David Maas cautions that in a dangerous and troubled world in which everyone is being manipulated and conned into squaring off in hatred for one another, being enticed to take the spiritual mark of the Beast (seething anger and hatred toward one another), we must find common ground, not only with our fellow citizens, but especially among the multiple splinter groups in the greater church of God. Following the apostle Paul's example, when we encounter groups with differing views from ours, we must find common ground, finding things praiseworthy about them, providing the framework for mutual understanding, always on the basis of God's covenants to all of mankind and to His called-out firstfruits. In the current configuration of the greater church of God, blown to smithereens in the early 1990's, each group finds itself on a continuum, with an authoritarian fringe on one extreme and an assimilation or conforming to the world extreme on the other fringe. Each group has gifts and insights, as well as blind-spots and deficits in understanding, both of which will be cleared up by Almighty God in the fullness of time. In the meantime, we are commissioned to do our part of the work, always esteeming others over ourselves, respecting and loving one another, and striving to conform to God's covenant with all of us.
Ryan McClure, reflecting on his experiences starting in a new company, related that he desperately wanted to establish favorable relationships with his fellow employees and God. Relationships are enhanced when one assiduously keeps the Laws of God, loving truth, seeking after instruction, and embracing correction and discipline. When we attain favor with God, we will usually find favor with our fellow man, but not always. We can find favor with both God and man if we value a reputable name rather than riches and wealth, seeking to emulate the family name of God.
John Ritenbaugh, reflecting on Solomon's ruminations about life being seemingly futile and purposeless, reiterates that a relationship with God is the only factor which prevents life from becoming useless. As many celebrities and public figures withdraw to spend more time with families, so must we withdraw from the rat race of the world to seek a relationship with God. Most people on this earth are not spending quality time at seeking a relationship with Him, but are living "under the sun" lives. God gave us the gift of His Spirit, enabling us to attain a sound mind, empowering us to choose the way that will bring satisfaction in life. At our calling we receive a gift of spiritual life enabling us to make good use of our physical lives. God has never given any physical object to us that can bring a sustained satisfaction in life, but His Holy Spirit can enable us to enhance our life with Him. The fruit of the Spirit (attained by walking in the Spirit) does bring a sustaining satisfaction within us. Humility attracts us to God; conceit and pride repels us from God. When we commit our works to Him, He will enable us to succeed by directing our steps, giving us maximum enjoyment and contentment, as well as softening the effects of any calamity that afflicts us. Conversely, a life without God will never bring us satisfaction spiritually, psychologically, or physically.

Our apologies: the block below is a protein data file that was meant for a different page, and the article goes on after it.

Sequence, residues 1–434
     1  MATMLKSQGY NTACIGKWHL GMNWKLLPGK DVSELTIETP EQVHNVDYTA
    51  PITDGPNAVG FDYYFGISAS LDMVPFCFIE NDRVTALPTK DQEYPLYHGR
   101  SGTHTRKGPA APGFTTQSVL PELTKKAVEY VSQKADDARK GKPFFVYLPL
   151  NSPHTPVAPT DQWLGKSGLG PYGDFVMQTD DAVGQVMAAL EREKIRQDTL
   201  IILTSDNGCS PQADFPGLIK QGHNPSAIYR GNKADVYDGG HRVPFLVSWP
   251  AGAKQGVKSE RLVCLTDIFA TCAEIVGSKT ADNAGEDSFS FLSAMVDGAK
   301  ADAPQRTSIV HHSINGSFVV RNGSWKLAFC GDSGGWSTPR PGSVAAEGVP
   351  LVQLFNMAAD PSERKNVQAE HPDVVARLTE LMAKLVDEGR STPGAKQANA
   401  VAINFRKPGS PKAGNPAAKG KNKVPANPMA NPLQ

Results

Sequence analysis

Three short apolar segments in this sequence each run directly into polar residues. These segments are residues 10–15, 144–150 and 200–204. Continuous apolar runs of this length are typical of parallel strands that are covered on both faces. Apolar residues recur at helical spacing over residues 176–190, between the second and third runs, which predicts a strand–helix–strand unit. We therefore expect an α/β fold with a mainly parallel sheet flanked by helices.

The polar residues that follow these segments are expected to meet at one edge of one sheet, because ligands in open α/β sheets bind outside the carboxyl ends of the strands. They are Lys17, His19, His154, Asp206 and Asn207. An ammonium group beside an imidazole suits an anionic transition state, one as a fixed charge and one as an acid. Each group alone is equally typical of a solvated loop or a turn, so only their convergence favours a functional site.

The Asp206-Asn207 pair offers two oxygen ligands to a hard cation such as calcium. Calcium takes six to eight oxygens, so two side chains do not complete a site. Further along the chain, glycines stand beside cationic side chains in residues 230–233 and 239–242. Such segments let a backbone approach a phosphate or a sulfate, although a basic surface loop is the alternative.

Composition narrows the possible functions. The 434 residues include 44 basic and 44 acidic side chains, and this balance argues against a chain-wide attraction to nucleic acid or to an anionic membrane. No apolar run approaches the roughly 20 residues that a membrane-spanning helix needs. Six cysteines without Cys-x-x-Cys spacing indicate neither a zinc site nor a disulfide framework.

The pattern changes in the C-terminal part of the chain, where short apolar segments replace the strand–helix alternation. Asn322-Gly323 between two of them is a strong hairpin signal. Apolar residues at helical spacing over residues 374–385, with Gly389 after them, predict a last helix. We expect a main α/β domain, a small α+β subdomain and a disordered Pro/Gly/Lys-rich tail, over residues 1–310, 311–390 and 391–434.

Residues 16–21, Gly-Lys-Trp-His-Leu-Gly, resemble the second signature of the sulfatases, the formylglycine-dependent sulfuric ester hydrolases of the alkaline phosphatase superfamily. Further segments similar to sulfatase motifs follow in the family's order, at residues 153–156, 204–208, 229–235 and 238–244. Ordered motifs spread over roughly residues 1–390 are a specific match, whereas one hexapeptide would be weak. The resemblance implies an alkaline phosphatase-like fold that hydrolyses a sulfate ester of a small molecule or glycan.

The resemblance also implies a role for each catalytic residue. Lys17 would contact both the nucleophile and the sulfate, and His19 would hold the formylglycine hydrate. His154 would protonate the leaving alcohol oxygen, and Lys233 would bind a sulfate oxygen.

Most of the professing Christian world believes that it is the duty of believers to "win people for Christ," a phrase that has been drawn from the apostle Paul's words in II Corinthians 9:19-22. David Grabbe argues that, contrary to majority opinion, this passage proclaims nothing of the sort if seen in the context of the whole counsel of God, particularly that of God's prerogative to call people to Him.
The peace offering teaches many things, but one of its main symbols is fellowship. John Ritenbaugh explains that our communion with the Father and the Son obligates us to pursue peace, follow the example of Christ, and be pure.
In this message on the subject of planning and God's sovereignty, John Ritenbaugh stresses that we are obliged to respond to God because He has interfered in our lives, causing us to repent, giving us His Holy Spirit, and limiting our options. We should plan our lives to be in sync with God's planning and purposes for our lives. Even though we have the free moral agency to run counter to God's detailed sovereign purposes, we court disaster if we presumptuously or boastfully plan against these purposes. We ought to plan, exercising living faith in God's sovereign control in everything we do (James 4:15) for the glory of God (I Corinthians 10: 31). Belief in God's sovereignty is of little comfort if we don't also believe in His love and wisdom.
Bible study on peace, the third of the fruits of the Spirit.
John Ritenbaugh reiterates that mankind does not have (nor ever had) the prerogative to determine standards of righteousness, including whether war is justified. God clearly demonstrated that He was willing to fight Israel's battles for them. Neither ancient Israel nor modern Israel has been authorized to wage war. God's purpose (as well as His promises to our patriarchs) will stand regardless of whether Israel presumptuously chooses to go to war or not. Many biblical examples illustrate that when the leader put his faith in God and submitted himself to God's rule, God supernaturally protected His people. As Jesus lived as a human, He modeled for us a life of restraint and non-violence. Ambassadors of a foreign power do not become involved in another nations politics or wars. When the Kingdom of God becomes a kingdom of this earth, Jesus Christ (along with His resurrected saints) will permanently put an end to all rebellion and conflict.
John Ritenbaugh reiterates that the Gentile nations without God's revelation were held accountable for basic principles of humanity. Amon's barbarity, Tyre's faithlessness, and Moab's propensity for sustained anger (exemplified by burning the bones of Edom to lime) and the desire to take revenge - God punishes with severity. God warns us that vengeance is His exclusively and will not tolerate our taking the law into our own hands. God reserves the severest penalty for Judah and Israel because they had spurned the covenant God had made with them. To whom much is given, much is required. God is no respecter of persons. As the Israel of God, we need to take these admonitory words personally- making sure that we do not syncretistically mix pagan and Christian elements (lies and truth) together. If we cultivate a love for the truth and guard the truth, the truth will guard us.
John Ritenbaugh reiterates that the humble, serving, or footwashing attitude exemplified by Jesus in John 13 provides a clear insight into the mind of God. Jesus humbled Himself, pouring out His divinity to serve mankind, providing an example for us to also serve others. The loving way in which Jesus appealed to Judas leaves us further insights about Jesus conscious choice to accept His Father's will, glorifying His Father through His sacrifice for man's benefit. The Father likewise glorifies His Son by resurrecting and honoring Him. God expects us to follow Christ's example of loving others, with all of their flaws and weaknesses, more than ourselves. This kind of love does not come naturally, but must be acquired through God's Holy Spirit. In chapter 14, Jesus, anticipating His imminent death, provides encouragement, comfort and assurance to His disciples (all of us actually) that they would have a role in His future kingdom. Jesus, by His example, teaches us not to get discouraged if we don't see immediate results from obeying God or carrying out His will. The results may not be realized this side of the grave. By following Christ's example, we follow in the Way of truth, leading to Eternal life and glorification.
The Berean: Daily Verse and Comment